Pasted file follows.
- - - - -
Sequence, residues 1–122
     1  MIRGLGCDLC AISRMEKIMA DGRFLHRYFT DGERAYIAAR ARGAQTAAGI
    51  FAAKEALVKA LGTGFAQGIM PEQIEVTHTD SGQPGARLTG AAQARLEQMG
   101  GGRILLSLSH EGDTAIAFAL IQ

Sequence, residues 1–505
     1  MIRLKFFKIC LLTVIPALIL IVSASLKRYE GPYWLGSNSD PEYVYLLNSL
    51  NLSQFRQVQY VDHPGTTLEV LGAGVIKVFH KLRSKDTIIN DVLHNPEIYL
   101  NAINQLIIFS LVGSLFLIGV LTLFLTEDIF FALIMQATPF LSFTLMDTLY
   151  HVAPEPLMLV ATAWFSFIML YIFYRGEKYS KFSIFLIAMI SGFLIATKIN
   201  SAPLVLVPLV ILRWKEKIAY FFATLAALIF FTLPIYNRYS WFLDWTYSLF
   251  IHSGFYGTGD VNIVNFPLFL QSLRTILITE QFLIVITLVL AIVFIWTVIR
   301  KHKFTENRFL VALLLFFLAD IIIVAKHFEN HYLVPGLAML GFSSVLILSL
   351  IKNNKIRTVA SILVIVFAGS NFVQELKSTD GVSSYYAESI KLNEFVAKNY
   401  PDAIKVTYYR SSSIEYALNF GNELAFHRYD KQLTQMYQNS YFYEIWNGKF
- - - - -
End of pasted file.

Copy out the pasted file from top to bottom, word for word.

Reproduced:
Sequence, residues 1–122
     1  MIRGLGCDLC AISRMEKIMA DGRFLHRYFT DGERAYIAAR ARGAQTAAGI
    51  FAAKEALVKA LGTGFAQGIM PEQIEVTHTD SGQPGARLTG AAQARLEQMG
   101  GGRILLSLSH EGDTAIAFAL IQ

Sequence, residues 1–505
     1  MIRLKFFKIC LLTVIPALIL IVSASLKRYE GPYWLGSNSD PEYVYLLNSL
    51  NLSQFRQVQY VDHPGTTLEV LGAGVIKVFH KLRSKDTIIN DVLHNPEIYL
   101  NAINQLIIFS LVGSLFLIGV LTLFLTEDIF FALIMQATPF LSFTLMDTLY
   151  HVAPEPLMLV ATAWFSFIML YIFYRGEKYS KFSIFLIAMI SGFLIATKIN
   201  SAPLVLVPLV ILRWKEKIAY FFATLAALIF FTLPIYNRYS WFLDWTYSLF
   251  IHSGFYGTGD VNIVNFPLFL QSLRTILITE QFLIVITLVL AIVFIWTVIR
   301  KHKFTENRFL VALLLFFLAD IIIVAKHFEN HYLVPGLAML GFSSVLILSL
   351  IKNNKIRTVA SILVIVFAGS NFVQELKSTD GVSSYYAESI KLNEFVAKNY
   401  PDAIKVTYYR SSSIEYALNF GNELAFHRYD KQLTQMYQNS YFYEIWNGKF